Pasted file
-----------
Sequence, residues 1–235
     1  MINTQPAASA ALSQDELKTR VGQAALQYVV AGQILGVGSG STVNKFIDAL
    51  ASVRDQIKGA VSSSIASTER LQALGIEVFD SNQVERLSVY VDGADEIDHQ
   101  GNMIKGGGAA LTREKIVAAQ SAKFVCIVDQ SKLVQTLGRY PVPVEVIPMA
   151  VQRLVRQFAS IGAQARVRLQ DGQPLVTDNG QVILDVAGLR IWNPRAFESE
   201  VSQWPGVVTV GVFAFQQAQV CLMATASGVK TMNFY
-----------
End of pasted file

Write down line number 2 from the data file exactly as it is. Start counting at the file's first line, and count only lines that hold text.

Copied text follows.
     1  MINTQPAASA ALSQDELKTR VGQAALQYVV AGQILGVGSG STVNKFIDAL